Blacktail Deer Road
Gomez, Czelsi
/ Categories: Montana Poet Laureate

Blacktail Deer Road

Lowell Jaeger

Never mind my knees burned, bone against bone,

after the first hard-earned hundred miles, pedaling

from early hint of sunrise till nearly dark,

parched and exhausted. Never mind

the grit in my teeth when dust-devils rose

and tore through rolling hills of sage, blasting me

sideways. Never mind the late summer sun

blistering my shoulders and thighs, rivulets of sweat

pooling in my ears, my neck sticky with brine.

 

Middle of that first night,

I woke with a full moon, my tent aglow,

hips stiff against the rubble.

                                                Struggled to unzip

my bedroll and step outside to pee.  Stood marveling

at the stars. Felt strangely at home …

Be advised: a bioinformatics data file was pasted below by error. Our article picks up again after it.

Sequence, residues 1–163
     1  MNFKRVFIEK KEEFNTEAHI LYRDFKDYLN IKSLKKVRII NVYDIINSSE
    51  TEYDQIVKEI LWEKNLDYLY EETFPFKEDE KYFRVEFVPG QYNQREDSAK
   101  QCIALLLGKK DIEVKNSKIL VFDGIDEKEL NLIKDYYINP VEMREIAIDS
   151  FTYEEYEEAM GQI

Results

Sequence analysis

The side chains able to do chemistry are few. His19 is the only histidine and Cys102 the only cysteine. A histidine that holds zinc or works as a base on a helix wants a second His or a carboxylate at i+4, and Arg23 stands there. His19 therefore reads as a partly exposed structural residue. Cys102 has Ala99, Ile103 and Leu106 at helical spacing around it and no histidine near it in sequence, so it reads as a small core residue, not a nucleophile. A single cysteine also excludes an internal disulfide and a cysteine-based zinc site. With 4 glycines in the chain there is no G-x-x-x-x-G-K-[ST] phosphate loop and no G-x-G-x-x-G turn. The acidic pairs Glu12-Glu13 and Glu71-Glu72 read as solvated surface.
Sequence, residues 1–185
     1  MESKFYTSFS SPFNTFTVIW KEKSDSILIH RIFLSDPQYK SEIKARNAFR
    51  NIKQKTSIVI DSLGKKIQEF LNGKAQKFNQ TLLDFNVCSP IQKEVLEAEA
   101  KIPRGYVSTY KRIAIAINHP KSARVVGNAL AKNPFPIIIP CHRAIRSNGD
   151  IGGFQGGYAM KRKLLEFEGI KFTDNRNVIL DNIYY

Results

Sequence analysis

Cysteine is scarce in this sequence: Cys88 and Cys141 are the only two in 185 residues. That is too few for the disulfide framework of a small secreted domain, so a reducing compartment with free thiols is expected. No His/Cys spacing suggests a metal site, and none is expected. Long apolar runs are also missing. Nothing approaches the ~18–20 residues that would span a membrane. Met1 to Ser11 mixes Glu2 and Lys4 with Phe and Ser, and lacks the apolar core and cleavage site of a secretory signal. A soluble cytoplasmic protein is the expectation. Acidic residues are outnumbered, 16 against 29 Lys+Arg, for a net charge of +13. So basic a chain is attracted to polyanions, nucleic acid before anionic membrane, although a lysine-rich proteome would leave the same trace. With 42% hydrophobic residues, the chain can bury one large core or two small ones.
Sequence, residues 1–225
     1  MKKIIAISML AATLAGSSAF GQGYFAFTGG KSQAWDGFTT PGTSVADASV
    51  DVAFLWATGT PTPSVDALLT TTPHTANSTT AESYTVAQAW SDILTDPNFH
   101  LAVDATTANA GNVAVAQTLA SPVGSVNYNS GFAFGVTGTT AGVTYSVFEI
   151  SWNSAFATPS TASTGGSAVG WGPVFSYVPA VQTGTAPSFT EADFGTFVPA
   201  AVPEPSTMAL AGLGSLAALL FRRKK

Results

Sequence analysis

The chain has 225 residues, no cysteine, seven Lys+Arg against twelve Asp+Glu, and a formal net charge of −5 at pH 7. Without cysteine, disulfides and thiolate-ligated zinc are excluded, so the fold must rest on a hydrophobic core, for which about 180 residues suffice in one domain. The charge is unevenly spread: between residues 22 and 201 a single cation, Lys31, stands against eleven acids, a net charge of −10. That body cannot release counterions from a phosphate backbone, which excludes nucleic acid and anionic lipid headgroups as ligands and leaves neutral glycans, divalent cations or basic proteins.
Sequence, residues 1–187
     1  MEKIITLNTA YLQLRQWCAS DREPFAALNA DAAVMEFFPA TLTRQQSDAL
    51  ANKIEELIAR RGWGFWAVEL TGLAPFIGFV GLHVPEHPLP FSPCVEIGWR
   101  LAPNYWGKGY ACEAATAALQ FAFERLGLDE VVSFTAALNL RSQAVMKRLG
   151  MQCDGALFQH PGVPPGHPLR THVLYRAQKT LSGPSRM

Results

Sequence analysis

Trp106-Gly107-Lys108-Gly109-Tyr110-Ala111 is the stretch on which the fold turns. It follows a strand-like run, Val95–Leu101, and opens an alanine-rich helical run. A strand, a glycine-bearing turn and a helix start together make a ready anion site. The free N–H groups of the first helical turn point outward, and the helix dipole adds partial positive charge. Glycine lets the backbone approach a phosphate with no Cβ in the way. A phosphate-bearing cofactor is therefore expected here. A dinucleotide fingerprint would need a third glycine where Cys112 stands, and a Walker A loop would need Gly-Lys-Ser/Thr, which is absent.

a gypsy, maybe, glimpsing the road continuously

unfolding. Couldn’t have guessed the strain

 

and ecstasy next morning cresting Red Rock Pass …

how aspen groves fluttered goosebumps up my spine.

How, gleefully, ragged cinders spit beneath my tread.

Half way to Yellowstone, how I’d finally ditch

my head’s constant jabber. How I’d muscle the crank

as if the bike were pedaling me. Never mind,

 

never mind, a breeze hushed across fractured canyon walls,

as in a distant meadow, a scatter of antelope

lifted their heads to look at me and wonder.

 

– Previously printed in Earth-blood & Star-shine (Shabda Press, 2018)

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